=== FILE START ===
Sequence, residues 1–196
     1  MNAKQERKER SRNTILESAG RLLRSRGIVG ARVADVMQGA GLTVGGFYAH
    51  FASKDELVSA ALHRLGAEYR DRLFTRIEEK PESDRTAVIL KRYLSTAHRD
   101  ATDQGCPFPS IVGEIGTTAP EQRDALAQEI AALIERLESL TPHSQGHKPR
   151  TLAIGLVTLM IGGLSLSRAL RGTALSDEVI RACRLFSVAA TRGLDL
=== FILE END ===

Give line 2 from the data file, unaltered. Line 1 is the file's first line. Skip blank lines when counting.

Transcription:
     1  MNAKQERKER SRNTILESAG RLLRSRGIVG ARVADVMQGA GLTVGGFYAH